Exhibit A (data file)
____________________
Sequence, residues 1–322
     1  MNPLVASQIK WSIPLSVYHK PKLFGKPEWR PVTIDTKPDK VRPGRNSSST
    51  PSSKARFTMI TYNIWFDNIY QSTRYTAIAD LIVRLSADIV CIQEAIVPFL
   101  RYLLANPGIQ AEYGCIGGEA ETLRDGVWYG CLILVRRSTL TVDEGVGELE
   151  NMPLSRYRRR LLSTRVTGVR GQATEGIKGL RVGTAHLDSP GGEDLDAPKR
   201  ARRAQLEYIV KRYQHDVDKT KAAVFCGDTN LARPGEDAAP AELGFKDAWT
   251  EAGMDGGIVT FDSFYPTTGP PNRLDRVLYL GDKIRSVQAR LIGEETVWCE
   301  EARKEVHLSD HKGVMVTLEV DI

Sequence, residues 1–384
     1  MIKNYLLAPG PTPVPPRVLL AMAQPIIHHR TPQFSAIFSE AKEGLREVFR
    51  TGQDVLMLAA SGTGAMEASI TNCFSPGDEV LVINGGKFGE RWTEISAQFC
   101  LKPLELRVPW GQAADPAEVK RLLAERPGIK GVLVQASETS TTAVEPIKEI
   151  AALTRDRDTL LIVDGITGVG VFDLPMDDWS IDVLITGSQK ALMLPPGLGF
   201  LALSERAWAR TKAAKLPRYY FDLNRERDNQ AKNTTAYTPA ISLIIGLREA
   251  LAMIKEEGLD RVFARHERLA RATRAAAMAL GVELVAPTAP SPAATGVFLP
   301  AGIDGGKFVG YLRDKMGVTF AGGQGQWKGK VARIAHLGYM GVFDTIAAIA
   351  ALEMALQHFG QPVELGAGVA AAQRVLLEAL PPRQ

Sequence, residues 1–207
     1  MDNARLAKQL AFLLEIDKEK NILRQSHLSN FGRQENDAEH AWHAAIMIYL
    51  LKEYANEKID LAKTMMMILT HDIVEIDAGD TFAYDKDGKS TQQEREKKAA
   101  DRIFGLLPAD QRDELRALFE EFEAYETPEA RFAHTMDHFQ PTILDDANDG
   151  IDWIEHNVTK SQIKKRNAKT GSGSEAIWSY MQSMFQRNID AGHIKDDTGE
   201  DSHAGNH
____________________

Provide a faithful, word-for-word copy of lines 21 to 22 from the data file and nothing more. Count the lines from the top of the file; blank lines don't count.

   101  DRIFGLLPAD QRDELRALFE EFEAYETPEA RFAHTMDHFQ PTILDDANDG
   151  IDWIEHNVTK SQIKKRNAKT GSGSEAIWSY MQSMFQRNID AGHIKDDTGE